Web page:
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New Brakes setup

Discussion in 'Technical and Troubleshooting Torque' at netrider.net.au started by alladnek2, Sep 15, 2009.

  1. Hey everyone,



    I have a 1980 yamaha xs400 special. I am very much a newb when it comes to fixing up bikes & am trying to do up this one to be a nice little cafe racer. I have stripped it apart to give it all a good clean & replace the parts that need to be replaced.

    The question I have comes down to the brakes, am I able to replace the front 'single-right' brake (rotor, caliper & so on) with a complete new brake kit, say a ebc or brembo rotor & caliper set or do I have to stick to the stock standard setup it has at present (new ones of course). I know that ebc has universal rotors & such, but do I have to stick with these or can put on say a new performance braking system to lift the braking performance. I apologise if this was a really stupid question but one I just needed to find out.

    Cheers
    Andrew
     
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  2. I'm guessing a lot would depend on the location and position of the mounting points on the forks. If you can't match these with another caliper, then you're stuck with stock. Unless, of course, you replace the forks as well. Then you might need to replace the front wheel :LOL: ... etc
     
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  3. To replace a non OEM front caliper onto your bike, you will have to take into account several things.

    Does the after market caliper offer a direct attachment to your fork with or without a bracket / Is the rotor a direct attachment too?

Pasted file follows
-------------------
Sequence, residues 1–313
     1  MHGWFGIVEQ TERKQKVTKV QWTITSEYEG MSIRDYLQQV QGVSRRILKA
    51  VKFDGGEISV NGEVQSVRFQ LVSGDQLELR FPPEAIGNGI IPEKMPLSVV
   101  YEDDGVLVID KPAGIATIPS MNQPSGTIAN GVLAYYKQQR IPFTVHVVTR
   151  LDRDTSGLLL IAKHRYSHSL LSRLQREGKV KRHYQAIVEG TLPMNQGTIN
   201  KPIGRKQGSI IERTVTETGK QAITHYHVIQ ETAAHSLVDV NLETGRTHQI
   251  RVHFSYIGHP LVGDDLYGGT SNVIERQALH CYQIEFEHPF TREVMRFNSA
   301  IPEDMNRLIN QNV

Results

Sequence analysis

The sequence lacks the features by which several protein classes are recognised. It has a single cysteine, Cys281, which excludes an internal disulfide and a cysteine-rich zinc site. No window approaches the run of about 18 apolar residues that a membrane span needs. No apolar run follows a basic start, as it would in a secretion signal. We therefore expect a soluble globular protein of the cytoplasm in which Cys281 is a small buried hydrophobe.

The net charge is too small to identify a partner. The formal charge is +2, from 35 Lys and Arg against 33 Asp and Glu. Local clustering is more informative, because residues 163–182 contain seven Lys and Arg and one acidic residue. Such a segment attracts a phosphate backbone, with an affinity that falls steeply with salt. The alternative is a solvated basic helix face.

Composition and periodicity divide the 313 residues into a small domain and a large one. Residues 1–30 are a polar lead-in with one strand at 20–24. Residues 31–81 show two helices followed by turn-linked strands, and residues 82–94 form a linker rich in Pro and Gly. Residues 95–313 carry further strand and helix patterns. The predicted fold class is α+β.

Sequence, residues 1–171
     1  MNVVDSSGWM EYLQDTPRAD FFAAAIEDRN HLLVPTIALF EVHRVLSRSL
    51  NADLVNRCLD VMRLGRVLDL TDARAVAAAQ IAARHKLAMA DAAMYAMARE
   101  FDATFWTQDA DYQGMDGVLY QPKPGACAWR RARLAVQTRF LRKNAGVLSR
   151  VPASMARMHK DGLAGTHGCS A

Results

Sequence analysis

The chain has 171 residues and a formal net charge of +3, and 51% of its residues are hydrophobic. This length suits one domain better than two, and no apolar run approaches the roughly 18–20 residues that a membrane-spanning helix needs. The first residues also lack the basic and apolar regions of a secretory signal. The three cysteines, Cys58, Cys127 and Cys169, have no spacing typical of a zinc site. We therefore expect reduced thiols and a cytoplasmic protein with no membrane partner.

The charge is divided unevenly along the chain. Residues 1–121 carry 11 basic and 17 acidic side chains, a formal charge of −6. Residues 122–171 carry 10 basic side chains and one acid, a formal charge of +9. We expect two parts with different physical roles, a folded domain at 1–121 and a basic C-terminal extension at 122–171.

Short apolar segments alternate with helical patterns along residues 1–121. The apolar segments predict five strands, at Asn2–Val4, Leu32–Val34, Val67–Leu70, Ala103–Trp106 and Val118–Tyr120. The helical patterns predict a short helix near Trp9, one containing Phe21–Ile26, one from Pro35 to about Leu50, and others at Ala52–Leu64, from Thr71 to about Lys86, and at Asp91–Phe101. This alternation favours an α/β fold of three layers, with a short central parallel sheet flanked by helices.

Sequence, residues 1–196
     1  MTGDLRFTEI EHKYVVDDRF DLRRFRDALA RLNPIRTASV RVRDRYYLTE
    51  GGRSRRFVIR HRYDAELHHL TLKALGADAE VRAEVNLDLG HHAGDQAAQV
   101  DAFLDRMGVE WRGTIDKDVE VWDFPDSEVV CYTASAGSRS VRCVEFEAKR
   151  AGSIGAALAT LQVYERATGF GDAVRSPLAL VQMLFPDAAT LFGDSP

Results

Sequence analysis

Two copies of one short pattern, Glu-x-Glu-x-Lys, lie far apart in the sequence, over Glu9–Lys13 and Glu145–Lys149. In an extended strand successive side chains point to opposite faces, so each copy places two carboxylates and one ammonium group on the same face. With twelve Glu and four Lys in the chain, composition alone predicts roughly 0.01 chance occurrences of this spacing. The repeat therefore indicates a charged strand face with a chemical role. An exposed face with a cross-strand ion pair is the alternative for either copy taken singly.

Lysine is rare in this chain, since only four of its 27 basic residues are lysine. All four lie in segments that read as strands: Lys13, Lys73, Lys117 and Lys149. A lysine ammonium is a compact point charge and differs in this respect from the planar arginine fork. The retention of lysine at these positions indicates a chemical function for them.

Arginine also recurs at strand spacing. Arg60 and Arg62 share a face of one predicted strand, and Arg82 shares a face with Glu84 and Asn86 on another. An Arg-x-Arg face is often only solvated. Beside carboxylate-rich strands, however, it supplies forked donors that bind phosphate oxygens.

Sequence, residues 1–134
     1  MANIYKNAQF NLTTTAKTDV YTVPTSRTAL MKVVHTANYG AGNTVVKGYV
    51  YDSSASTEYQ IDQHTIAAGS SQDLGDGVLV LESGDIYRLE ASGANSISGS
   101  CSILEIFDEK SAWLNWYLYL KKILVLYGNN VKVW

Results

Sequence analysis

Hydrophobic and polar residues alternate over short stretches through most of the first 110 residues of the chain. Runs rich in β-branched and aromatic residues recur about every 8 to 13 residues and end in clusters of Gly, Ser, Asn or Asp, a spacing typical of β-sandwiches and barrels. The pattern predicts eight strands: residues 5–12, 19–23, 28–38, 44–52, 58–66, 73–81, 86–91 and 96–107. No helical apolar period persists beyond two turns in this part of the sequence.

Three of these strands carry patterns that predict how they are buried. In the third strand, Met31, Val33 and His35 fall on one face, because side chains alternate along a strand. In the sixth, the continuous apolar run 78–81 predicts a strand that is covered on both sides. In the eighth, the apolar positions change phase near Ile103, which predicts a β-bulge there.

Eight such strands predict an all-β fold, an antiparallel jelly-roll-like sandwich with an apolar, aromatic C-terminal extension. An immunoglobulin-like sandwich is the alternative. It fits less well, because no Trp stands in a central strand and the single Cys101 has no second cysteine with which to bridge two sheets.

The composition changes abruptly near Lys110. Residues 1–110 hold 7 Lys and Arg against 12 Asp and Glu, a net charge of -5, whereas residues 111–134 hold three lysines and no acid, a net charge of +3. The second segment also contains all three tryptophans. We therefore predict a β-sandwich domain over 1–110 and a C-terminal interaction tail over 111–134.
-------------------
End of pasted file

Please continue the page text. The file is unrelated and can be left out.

It is better to use the OEM rotor and then fit the caliper.

    If not then you'll have to do a few thngs to fit the new caliper to the bike.

    Does it need a bracket, attached to the fork leg, to create the proper offset both in angle and distance, to ensure proper rotor to pad contact?

    What is the overall thickness ( width) of the new caliper? does it hit the spoke of the wheel when the wheel rotate?

    Is the new caliper much heavier with an extra attaching bracket than the OEM caliper?

    Bracket can be made of Alu of 6061 or better.

    If all the above checked out O.K, then to locate the best position for attaching the caliper to the fork leg, you'll have to do a trial and error for the best angle where the caliper should be, the best rotor to pad contact and the clearing of the outer circumference of the rotor with the inner caliper body which the rotor rotates thru.

    Most tolerances for clearence would be quite small ( < 5mm) so it is best you do a proper try out with the new caliper before fabricating a new bracket for attaching the caliper to the fork leg.
     
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  4. I was half-joking, but have you considered a trip to the wreckers and replacing the whole front end with a dual-disc setup, forks, wider wheel, etc etc, from a newer and better-spec bike? I once had a Honda 750/4 onto which some had grafted the complete front end from a Gold Wing. The 38mm forks and better brakes and lighter front wheel made it a great handling bike :).
     
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  5. Great handling? Or better handling? ;-)

    I agree with hornet. I'd be looking into the Yamaha model-range for a donor system. I know from experience (and hornet's post) that there are certain Honda combinations that will transplant easily. If you don't wish to swap entire front ends, it may still be possible to do fork legs and calipers/wheels and rotors.

    I think this is a better option than looking at the aftermarket. Especially with an older bike.

    cheers
    ian
     
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